May 2019 By PsychDB.com

Delirium

Delirium is a serious neuropsychiatric syndrome characterized by an acute confusional state with global impairments in attention and cognition.[1] Delirium is often associated with a disturbance in the sleep-wake cycle, including daytime sleepiness, nighttime agitation, insomnia, excessive sleepiness, or wakefulness throughout the night. In some cases, complete reversal of the night-day sleep-wake cycle can occur.

Prevalence

The community prevalence of delirium is low, between 1 to 2%, but increases with age, rising to 14% in individuals older than 85 years. The prevalence is 10% to 30% in older individuals presenting to emergency departments, where the delirium is a result of a medical illness. Rates are highest in post-surgical (hip surgery), palliative care for advanced cancer (up to 80%), ICU (up to 70%) and dementia populations.[2]

Risk Factors

The development delirium can be due to multiple risk factors. Some of these risk factors are modifiable and thus a target in delirium prevention. Up to 40% of cases of delirium are preventable.[3] In elderly patients, dementia is the most common risk factor (in up to two-thirds of all cases of delirium).

Delirium Risk Factors

Modifiable Essentials Modifiable Medical Non-modifiable
• Sensory impairment (hearing or vision)
• Immobilization (catheters or restraints)
• Environment (for example, admission to an intensive care unit)
Pain
• Emotional distress
• Sustained sleep deprivation
• Medications (e.g. - sedative hypnotics, narcotics, anticholinergic drugs, corticosteroids, polypharmacy, alcohol withdrawal or other drugs)
• Acute neurological diseases (e.g. - acute stroke [usually right parietal], intracranial hemorrhage, meningitis, encephalitis)
• Ongoing illness (e.g. - infection, iatrogenic complications, acute illness, anemia, dehydration, poor nutrition, trauma, fractures, HIV)
• Metabolic derangement
• Surgery
Dementia or cognitive impairment
• Advancing age (>65 years)
• History of delirium, stroke, neurological disease, falls or gait disorder
• Multiple comorbidities
• Male sex
• Chronic renal or hepatic disease
Criterion A

A disturbance in attention (i.e., reduced ability to direct, focus, sustain, and shift attention) and awareness (reduced orientation to the environment).

Criterion B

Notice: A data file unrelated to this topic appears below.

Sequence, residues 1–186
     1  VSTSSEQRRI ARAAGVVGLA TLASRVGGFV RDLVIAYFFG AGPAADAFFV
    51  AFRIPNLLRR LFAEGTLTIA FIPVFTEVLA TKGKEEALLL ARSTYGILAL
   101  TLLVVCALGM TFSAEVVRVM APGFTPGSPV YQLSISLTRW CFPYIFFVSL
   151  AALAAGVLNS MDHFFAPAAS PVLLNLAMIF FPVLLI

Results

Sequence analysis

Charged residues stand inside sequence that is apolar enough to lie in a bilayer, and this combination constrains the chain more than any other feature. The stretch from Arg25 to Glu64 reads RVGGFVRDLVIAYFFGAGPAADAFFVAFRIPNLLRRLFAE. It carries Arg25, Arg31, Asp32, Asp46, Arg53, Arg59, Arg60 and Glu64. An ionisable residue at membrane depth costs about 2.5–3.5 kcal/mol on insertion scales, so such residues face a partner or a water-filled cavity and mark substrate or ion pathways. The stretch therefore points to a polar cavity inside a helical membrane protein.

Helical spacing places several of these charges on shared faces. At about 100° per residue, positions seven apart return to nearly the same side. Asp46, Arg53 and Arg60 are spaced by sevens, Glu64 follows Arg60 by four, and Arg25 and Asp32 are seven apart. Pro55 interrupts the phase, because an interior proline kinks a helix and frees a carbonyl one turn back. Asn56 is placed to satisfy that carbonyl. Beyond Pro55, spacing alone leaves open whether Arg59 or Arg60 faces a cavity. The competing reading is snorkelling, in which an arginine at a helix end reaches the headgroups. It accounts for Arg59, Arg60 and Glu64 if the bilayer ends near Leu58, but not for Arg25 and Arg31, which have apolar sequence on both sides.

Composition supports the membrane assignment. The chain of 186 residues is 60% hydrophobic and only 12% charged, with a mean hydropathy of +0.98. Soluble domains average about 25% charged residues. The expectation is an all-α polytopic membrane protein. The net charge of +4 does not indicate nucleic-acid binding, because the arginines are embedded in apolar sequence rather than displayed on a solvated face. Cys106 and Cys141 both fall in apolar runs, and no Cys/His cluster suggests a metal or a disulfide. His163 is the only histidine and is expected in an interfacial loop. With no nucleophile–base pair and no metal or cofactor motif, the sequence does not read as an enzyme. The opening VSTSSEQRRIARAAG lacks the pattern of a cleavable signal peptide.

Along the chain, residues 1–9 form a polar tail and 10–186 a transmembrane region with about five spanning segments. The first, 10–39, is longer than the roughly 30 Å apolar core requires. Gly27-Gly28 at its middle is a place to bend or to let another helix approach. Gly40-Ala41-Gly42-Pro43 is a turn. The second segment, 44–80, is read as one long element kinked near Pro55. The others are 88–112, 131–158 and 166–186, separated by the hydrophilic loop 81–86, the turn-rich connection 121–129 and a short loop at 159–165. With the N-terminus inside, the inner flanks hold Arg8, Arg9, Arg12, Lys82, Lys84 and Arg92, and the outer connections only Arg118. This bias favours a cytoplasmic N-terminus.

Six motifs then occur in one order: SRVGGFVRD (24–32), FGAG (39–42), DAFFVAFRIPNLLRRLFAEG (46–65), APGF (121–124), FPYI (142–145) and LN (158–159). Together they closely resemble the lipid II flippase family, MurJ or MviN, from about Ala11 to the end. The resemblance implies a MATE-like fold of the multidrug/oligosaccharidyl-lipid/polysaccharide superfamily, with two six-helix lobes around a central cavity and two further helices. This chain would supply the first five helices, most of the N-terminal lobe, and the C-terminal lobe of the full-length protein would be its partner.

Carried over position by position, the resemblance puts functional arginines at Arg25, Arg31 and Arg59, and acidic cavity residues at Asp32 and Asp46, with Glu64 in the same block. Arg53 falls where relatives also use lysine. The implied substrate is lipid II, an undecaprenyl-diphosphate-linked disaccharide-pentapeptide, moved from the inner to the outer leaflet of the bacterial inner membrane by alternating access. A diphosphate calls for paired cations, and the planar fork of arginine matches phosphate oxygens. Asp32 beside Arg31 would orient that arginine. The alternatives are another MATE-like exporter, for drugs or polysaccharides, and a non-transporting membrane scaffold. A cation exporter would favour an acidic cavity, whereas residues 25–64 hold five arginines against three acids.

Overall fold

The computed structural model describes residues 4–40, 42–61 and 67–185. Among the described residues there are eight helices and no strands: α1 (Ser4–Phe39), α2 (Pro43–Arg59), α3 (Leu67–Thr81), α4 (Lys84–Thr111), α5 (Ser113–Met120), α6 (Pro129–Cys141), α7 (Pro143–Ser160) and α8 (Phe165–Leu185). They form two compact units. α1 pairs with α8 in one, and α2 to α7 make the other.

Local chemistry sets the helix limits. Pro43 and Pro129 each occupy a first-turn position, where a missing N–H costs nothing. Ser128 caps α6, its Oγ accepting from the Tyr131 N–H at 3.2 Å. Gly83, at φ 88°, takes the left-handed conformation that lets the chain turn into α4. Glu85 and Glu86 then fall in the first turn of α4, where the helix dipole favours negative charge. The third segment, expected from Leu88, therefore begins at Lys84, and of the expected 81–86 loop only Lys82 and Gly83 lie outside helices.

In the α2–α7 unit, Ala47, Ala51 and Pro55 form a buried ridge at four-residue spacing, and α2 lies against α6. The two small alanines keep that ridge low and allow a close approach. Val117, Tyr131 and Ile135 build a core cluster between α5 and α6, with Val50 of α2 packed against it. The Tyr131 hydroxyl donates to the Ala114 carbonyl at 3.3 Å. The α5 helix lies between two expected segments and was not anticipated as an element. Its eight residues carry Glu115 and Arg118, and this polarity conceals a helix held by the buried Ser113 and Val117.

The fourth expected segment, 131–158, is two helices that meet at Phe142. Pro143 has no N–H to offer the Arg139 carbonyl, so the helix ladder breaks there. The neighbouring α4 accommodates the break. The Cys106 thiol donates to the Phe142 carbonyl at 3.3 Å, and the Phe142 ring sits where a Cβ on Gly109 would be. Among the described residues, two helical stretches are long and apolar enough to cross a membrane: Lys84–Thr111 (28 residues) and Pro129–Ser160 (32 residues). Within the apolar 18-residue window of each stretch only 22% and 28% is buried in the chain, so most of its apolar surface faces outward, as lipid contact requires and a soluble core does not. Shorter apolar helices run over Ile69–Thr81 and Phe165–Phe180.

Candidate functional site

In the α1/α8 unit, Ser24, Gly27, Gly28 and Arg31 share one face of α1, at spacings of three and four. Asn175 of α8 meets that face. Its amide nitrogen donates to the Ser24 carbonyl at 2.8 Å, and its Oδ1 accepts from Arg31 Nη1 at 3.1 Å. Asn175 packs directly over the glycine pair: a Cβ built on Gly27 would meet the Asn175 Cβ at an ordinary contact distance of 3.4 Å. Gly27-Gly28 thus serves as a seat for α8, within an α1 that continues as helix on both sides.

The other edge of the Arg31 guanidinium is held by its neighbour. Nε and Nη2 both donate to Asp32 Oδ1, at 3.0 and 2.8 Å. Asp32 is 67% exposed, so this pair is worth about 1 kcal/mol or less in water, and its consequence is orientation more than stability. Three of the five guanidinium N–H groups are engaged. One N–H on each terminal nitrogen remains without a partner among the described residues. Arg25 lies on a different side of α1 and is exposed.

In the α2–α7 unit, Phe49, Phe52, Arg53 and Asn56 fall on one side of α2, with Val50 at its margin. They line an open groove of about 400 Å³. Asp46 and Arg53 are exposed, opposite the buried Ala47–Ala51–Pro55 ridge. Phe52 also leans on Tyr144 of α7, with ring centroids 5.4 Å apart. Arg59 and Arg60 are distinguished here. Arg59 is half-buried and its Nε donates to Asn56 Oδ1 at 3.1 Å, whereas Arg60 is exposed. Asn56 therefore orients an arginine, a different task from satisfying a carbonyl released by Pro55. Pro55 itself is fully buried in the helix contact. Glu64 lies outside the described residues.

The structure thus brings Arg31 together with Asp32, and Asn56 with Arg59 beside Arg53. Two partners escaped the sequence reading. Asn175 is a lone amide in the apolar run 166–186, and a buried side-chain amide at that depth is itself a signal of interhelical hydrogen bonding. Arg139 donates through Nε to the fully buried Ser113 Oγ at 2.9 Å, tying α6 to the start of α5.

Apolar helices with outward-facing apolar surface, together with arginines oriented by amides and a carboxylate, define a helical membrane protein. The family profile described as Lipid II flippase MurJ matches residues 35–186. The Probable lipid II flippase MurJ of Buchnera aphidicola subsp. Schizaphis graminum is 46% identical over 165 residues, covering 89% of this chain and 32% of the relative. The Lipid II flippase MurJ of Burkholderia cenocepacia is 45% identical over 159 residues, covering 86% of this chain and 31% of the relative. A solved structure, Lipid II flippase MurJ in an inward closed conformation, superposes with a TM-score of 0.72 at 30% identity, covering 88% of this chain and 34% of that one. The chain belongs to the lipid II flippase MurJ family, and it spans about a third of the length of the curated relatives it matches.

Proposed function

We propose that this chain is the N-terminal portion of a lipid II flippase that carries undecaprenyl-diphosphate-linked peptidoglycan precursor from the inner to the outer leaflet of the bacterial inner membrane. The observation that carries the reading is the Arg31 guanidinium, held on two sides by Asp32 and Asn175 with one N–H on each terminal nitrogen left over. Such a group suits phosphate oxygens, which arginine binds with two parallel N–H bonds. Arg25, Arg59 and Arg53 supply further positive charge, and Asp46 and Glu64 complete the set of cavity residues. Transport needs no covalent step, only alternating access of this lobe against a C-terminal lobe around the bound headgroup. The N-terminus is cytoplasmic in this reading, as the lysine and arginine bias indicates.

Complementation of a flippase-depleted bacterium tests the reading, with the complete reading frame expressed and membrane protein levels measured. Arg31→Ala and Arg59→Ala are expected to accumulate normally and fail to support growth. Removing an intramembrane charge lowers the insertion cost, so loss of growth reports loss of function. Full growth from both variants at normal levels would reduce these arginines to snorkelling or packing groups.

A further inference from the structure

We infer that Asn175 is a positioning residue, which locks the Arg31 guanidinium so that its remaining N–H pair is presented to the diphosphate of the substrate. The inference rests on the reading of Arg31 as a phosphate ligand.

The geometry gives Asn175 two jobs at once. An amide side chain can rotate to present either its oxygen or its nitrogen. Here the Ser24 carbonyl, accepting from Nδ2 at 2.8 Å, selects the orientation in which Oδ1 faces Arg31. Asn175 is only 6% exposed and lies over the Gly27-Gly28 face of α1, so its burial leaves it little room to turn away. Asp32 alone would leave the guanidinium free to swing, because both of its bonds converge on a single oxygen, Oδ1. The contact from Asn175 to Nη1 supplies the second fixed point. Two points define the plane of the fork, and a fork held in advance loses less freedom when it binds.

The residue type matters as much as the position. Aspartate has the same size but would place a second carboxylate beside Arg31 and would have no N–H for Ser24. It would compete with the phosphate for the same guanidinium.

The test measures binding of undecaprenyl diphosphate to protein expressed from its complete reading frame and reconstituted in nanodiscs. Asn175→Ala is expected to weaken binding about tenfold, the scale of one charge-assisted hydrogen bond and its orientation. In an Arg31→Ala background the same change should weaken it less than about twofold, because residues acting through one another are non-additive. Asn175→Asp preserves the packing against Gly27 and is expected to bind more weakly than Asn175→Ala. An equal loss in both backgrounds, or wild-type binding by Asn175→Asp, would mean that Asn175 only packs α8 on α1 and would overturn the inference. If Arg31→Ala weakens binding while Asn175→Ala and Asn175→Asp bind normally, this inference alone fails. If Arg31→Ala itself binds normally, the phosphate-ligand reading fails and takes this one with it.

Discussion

The disturbance develops over a short period of time (usually hours to a few days), represents a change from baseline attention and awareness, and tends to fluctuate in severity during the course of a day.

Criterion C

An additional disturbance in cognition (e.g., memory deficit, disorientation, language, visuospatial ability, or perception).

Criterion D

The disturbances in Criteria A and C are not better explained by another preexisting, established, or evolving neurocognitive disorder and do not occur in the context of a severely reduced level of arousal, such as coma.

Criterion E

There is evidence from the history, physical examination, or laboratory findings that the disturbance is a direct physiological consequence of another medical condition, substance intoxication or withdrawal (i.e., due to a drug of abuse or to a medication), or exposure to a toxin, or is due to multiple etiologies.

Specifiers

Specifiers

Specify if:

  • Substance intoxication delirium: Criteria A and C predominate in the clinical picture and when they are sufficiently severe to warrant clinical attention
  • Substance withdrawal delirium: Criteria A and C predominate in the clinical picture and when they are sufficiently severe to warrant clinical attention
  • Medication-induced delirium: When criteria A and C arise as a side effect of a medication taken as prescribed.
  • Delirium due to another medical condition: There is evidence from the history, physical examination, or laboratory findings that the disturbance is attributable to the physiological consequences of another medical condition.
  • Delirium due to multiple etiologies: There is evidence from the history, physical examination, or laboratory findings that the delirium has more than one etiology (e.g., more than one etiological medical condition; another medical condition plus substance intoxication or medication side effect).

Severity Specifier

Specify if:

  • Acute: Lasting a few hours or days
  • Persistent: Lasting weeks or months

Hyperactive or Hypoactive Specifier

Specify if:

  • Hyperactive: The individual has a hyperactive level of psychomotor activity that may be accompanied by mood lability, agitation, and/or refusal to cooperate with medical care.
  • Hypoactive: The individual has a hypoactive level of psychomotor activity that may be accompanied by sluggishness and lethargy that approaches stupor.
  • Mixed level of activity: The individual has a normal level of psychomotor activity even though attention and awareness are disturbed. Also includes individuals whose activity level rapidly fluctuates.

Hypoactive/Hyperactive/Mixed

Patients can present with hypoactive delirium, where they appear lethargic, somnolent, and sluggish. This is often not recognized as they do not cause a “disturbance,” and may be mistakenly identified as depressed. In hyperactive delirium, patients are often agitated, hallucinating, and have inappropriate behaviour. Some patients can have a mixed delirium where they have a combination of both (fluctuations between agitation and lethargy).[4]

Why Is It Important to Identify Delirium?

Delirium has a fluctuating course and can overlap with dementia, which makes it hard to detect. The lack of routine cognitive assessments also makes it hard to monitor changes in a patient's mental status. Delirium is also under appreciated in terms of its importance and consequences. Patients with ongoing delirium have a significantly higher risk of mortality, significant increases in length of stay, increased costs of hospitalization, and increased chance of nursing home placement.[5][6][7][8][9] One final reason includes ageism, the expectation of: “Aren't older people generally confused?”

Delirium is Often Missed!